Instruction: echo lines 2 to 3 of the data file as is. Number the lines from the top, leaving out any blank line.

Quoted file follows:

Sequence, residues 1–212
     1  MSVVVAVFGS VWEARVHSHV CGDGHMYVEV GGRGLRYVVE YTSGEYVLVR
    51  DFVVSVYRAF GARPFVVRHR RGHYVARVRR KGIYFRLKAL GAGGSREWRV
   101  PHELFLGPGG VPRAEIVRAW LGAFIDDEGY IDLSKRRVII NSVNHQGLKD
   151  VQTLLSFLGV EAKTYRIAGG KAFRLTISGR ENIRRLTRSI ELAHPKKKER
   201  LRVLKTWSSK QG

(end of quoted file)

     1  MSVVVAVFGS VWEARVHSHV CGDGHMYVEV GGRGLRYVVE YTSGEYVLVR
    51  DFVVSVYRAF GARPFVVRHR RGHYVARVRR KGIYFRLKAL GAGGSREWRV